But George McGovern sneaked up from behind to win the New Hampshire primary, out-doving Muskie on the Vietnam War. Muskie's image also suffered after he teared up while defending his wife from a vicious attack in a newspaper.
Burning issues - so far lacking in this campaign - as well as a candidate's own shortcomings can cost a contender his anointed status, says Lichtman. Indeed, GOP consultants caution that Bush needs to take care not to appear arrogant, though he appears to have survived the storm over his alleged drug use in years past.
While the anointed ones may bask in their status, the nominating process is not without its critics. They point out that party activists and donors can easily anoint a loser, as turned out to be the case in the Republicans' selection in 1996 of Mr. Dole.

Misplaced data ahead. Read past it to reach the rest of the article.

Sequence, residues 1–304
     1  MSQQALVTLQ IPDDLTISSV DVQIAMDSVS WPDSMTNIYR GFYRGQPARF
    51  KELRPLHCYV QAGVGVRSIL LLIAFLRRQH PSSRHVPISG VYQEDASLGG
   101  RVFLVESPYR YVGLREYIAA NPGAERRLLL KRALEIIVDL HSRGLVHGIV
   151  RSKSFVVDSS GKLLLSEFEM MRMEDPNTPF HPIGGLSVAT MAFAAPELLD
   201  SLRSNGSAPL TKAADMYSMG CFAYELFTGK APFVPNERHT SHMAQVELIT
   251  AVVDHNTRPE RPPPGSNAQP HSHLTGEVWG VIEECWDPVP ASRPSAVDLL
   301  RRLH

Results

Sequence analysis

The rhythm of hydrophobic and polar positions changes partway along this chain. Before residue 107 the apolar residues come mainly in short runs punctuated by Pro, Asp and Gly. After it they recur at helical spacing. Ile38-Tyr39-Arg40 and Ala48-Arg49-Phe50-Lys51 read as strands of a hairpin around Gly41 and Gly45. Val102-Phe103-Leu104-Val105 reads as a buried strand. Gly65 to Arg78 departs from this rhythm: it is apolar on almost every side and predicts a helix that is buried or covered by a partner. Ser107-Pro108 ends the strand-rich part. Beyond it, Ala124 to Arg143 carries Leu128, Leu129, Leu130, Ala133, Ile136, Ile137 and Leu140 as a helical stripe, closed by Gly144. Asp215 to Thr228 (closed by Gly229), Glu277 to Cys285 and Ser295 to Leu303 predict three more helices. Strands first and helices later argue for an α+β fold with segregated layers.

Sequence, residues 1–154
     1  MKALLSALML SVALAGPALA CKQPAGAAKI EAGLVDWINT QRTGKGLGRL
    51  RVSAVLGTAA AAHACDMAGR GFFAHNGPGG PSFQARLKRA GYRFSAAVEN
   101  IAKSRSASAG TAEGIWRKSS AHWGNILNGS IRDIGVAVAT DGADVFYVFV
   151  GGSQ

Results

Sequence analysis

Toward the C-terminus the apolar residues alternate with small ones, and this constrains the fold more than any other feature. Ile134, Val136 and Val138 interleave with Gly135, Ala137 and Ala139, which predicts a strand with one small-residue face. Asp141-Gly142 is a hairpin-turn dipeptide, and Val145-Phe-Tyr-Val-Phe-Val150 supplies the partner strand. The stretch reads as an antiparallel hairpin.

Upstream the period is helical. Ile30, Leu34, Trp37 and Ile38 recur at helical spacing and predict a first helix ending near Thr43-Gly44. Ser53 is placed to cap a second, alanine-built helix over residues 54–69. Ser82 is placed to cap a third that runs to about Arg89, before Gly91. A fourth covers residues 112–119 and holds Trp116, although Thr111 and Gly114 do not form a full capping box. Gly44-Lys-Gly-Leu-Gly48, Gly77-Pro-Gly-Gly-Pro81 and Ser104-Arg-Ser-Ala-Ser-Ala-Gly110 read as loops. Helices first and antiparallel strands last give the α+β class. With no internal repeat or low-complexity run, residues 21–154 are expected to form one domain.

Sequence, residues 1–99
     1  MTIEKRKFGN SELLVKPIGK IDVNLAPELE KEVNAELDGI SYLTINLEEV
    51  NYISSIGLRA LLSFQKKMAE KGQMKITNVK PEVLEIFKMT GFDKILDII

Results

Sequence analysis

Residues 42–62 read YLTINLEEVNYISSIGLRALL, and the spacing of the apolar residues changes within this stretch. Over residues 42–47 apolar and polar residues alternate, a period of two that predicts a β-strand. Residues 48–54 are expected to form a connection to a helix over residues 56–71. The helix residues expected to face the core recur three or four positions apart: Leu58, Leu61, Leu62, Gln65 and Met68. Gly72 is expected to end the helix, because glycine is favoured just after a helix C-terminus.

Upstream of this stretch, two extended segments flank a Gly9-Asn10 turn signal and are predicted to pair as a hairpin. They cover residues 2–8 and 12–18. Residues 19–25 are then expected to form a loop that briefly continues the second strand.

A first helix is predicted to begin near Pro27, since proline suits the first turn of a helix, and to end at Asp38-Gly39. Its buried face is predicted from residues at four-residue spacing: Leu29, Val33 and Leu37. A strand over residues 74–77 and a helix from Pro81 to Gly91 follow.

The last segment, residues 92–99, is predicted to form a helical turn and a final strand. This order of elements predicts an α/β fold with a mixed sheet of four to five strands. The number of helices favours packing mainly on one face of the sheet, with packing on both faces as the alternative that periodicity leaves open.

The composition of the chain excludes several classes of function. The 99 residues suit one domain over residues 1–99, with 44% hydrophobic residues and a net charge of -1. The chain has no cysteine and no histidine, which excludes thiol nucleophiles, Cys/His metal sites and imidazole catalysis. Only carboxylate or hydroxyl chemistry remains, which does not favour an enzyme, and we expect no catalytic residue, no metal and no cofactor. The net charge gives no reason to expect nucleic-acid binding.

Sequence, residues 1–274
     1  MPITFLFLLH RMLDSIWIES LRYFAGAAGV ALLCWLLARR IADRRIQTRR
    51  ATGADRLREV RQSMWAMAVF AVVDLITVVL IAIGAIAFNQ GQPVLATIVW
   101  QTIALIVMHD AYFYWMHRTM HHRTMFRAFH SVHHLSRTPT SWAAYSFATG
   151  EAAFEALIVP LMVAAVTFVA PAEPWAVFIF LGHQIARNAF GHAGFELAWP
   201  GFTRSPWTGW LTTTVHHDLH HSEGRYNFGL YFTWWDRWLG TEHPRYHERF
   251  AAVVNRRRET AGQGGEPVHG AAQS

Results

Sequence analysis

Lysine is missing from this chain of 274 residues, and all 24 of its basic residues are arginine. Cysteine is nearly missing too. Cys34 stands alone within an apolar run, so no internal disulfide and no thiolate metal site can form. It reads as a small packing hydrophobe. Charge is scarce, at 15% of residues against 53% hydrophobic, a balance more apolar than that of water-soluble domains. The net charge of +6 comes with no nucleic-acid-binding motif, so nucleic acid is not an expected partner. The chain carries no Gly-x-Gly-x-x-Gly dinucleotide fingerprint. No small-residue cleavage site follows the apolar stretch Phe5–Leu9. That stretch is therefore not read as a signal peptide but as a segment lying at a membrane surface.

"In the Republican Party, we tend to be hierarchical and defer to age, and it was viewed as Bob Dole's time - obviously to disastrous consequences," says Merksamer. While George W.'s "time" has not come, "there's a great deal of longing for his father."
He also worries that without a real contest in the primaries, a nominee can be unprepared for the attack that is sure to come during the general election - a phenomenon Merksamer has witnessed in California elections.
Americans on 'the process'
But if early coronations run counter to the concept of democratic elections, Americans don't appear to be too concerned. In general, a majority says voters have too little influence on the nomination process, and that the media, donors, and party leaders have too much, according to a Pew Research Center poll.
But these findings reflect overall feelings about the political process and are not a comment on the anointing phenomenon, says Andrew Kohut, director of the center. He doubts voters will even think about the issue until the primaries next year.
In the end, analysts say, voters want some decent choices in the primaries but aren't preoccupied with how candidates get there.
(c) Copyright 1999. The Christian Science Publishing Society